The Interaction Between Temperature, Pressure, Liner Weight, and Placement

    Posted by Mike Bonner

    Nov 3, 2016 11:36:00 AM

    temp-pressure-gauges.pngIn our recent blog, Can Liner Weight Variations Impact Quality, Delivery, and Cost Structure, we noted that the two most important criteria in evaluating liner performance are:

    1. Volume of the sealer applied
    2. Placement of the sealer (called “compound”)

    Throughout this series, we have also related these two criteria to variations in temperature, but in reality, there is an interplay between all three.

    There are No Independent Variables

    When we were all studying our STEM curriculum, we were told to “isolate the independent variable so you can study the dependent variable." Then, they sent us out into the real world and the first lesson we learned was, where processes are concerned, it is almost impossible to truly isolate any variable – and all of the variables interact!

    This is exactly the situation we find ourselves in when studying the liner process.

    We have these two important criteria to judge our control success. But there are so many variables that affect them…

    Temperature is a “Constant Variable”

    Temperature is one of the most reliable variables that we have in any dispensing process. And by that, I mean that we can rely on it to change – continuously. It is as certain as the sun rising in the morning and setting in the evening. The problem is, the compound changes viscosity as a function of temperature, and its behavior in our dispensing process is dependent on its viscosity.

    How can we ever control our liner process if the compound is continuously changing?

    That’s a good question.

    We Live by Pressure Regulation – We Die by Pressure Drop!

    In this series, we’ve already demonstrated that pressure has an impact on both liner weight and placement – so we go to great lengths to regulate it. The problem is that we regulate it at a point in our process – and everything that happens to our fluid after that point endeavors to change all our hard work.

    The pressure drop in the hose from our regulator to our nozzle is a complex function of hose diameter and length, flow rate, friction, and viscosity. The hose diameter, length, and materials of construction (which determine the coefficient of friction) are constant. And armed with that knowledge, we fool ourselves into believing that the pressure drop will be constant.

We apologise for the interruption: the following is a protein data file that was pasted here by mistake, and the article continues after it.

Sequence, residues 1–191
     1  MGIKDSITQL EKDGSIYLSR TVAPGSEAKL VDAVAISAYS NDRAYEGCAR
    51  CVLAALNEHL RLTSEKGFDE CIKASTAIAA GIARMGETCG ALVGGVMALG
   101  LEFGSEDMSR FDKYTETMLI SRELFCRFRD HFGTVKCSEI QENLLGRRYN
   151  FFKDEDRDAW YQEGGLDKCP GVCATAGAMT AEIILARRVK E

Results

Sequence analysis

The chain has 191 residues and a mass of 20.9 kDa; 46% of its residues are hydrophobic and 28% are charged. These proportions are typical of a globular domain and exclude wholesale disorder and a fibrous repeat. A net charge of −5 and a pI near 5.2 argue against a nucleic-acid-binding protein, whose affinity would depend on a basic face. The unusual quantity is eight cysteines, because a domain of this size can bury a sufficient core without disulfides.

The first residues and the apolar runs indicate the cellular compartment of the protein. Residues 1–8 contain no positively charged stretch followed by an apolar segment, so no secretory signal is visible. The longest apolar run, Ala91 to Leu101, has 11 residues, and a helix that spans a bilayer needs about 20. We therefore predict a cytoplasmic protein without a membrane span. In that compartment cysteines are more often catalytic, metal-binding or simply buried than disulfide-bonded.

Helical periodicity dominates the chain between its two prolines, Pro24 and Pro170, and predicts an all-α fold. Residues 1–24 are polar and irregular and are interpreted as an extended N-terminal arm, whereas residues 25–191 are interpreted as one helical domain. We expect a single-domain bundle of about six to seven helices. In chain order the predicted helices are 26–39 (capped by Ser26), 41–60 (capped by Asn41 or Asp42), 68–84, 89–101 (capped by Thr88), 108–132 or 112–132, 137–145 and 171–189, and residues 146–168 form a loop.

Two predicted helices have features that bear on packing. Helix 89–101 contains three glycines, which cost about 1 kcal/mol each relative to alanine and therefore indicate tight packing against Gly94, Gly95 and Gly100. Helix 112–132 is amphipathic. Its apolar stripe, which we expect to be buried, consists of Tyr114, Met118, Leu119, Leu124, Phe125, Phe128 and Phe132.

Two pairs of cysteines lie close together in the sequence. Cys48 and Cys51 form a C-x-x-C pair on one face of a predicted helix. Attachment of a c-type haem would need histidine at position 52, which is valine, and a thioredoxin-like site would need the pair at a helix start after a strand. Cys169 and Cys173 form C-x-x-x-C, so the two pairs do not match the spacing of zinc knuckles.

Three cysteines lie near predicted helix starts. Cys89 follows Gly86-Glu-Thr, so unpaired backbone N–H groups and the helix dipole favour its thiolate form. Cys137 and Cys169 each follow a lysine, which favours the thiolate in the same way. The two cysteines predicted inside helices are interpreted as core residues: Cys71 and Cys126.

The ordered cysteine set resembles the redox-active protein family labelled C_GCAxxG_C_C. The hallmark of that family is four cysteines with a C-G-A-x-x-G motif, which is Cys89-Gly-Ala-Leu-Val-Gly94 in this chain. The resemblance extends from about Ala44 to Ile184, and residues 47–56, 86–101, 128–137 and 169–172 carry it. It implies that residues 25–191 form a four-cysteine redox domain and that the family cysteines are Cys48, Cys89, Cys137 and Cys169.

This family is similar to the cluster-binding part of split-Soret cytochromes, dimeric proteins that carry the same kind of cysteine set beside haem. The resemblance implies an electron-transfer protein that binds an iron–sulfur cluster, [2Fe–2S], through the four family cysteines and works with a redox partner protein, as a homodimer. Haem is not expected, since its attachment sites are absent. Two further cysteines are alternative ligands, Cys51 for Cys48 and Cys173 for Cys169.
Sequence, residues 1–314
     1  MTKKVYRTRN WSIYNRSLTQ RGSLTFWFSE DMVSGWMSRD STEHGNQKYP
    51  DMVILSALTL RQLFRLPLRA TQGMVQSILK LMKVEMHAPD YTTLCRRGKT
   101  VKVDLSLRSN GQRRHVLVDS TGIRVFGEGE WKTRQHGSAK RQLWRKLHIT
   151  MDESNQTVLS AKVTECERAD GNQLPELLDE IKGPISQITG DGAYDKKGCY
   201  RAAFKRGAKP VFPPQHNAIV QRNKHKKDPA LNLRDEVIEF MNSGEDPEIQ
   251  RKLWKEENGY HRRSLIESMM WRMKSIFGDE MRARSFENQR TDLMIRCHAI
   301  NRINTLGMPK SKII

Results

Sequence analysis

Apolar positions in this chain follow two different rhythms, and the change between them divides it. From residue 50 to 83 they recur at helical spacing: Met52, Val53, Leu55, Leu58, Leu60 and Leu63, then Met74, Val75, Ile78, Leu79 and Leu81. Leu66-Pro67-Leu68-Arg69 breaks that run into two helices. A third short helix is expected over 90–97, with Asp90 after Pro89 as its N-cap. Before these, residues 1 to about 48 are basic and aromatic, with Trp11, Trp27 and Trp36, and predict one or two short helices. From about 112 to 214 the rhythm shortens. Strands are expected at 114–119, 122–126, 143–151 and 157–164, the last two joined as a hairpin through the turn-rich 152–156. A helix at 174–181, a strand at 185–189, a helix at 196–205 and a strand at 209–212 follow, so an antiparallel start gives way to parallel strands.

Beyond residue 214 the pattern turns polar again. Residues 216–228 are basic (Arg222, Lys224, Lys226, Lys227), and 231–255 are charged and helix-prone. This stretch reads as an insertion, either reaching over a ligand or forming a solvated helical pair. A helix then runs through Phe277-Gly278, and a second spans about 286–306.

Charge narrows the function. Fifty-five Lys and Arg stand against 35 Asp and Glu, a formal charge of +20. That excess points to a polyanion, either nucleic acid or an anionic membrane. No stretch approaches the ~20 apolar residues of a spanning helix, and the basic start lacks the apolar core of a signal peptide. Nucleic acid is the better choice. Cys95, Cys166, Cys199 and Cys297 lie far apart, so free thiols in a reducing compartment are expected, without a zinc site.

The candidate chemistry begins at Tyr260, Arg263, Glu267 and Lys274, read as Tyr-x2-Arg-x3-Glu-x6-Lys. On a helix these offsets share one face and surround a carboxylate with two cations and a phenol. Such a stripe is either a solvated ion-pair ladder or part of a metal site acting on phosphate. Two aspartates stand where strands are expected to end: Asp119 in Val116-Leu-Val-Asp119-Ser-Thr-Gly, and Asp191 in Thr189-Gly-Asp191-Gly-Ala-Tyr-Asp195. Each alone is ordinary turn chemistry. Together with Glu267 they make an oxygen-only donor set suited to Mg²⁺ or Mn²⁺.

But it’s not. And here’s why:

    First, this process starts and stops – a lot. And that means the flow rate changes – a lot.

    Next, we’ve already determined that temperature is constantly changing – often by 30°F or more from morning to evening – and that’s a lot. And we already know that compound viscosity is dependent on temperature which means our compound viscosity changes – a lot.

    So, the pressure drop in our hose is constantly changing and as a result, the pressure at our nozzle is constantly changing. This means that our liner weight, and placement are also constantly changing. This is pretty evident from the data table shown here from one of our liner process control experiments.

    So what are we to do?

    Control What is Controllable

    Though it may not be apparent at first glance, the image below points us in the right direction. First, we see that the temperature changes by 25%, while our regulator holds pressure variation to less than 2%. These combine to produce a nearly 31% change in compound weight. As all of these variables increase, the placement also creeps toward the edge. This is a combination of excess compound in the groove, lower viscosity (due to elevated temperature), and centrifugal force pulling the compound outward.


    So what is controllable?


    And when we do so, we stabilize most of the rest of the variables.

    When the temperature is stable, the viscosity of the compound is stable. This holds changes in pressure drop in the hose to those flow related changes created by the starting and stopping of the liner (a factor over which we have little to no control). And after dispense, it controls migration from centrifugal force.

    So, stable compound temperature equals stable dispense pressure, which equals stable compound weight and repeatable placement.

    It’s just that simple.

    Get your free copy of our Process Temperature Control Case Study to see how one manufacturer was able to improve production and reduce issues via temperature control solutions.


    Topics: Temperature control

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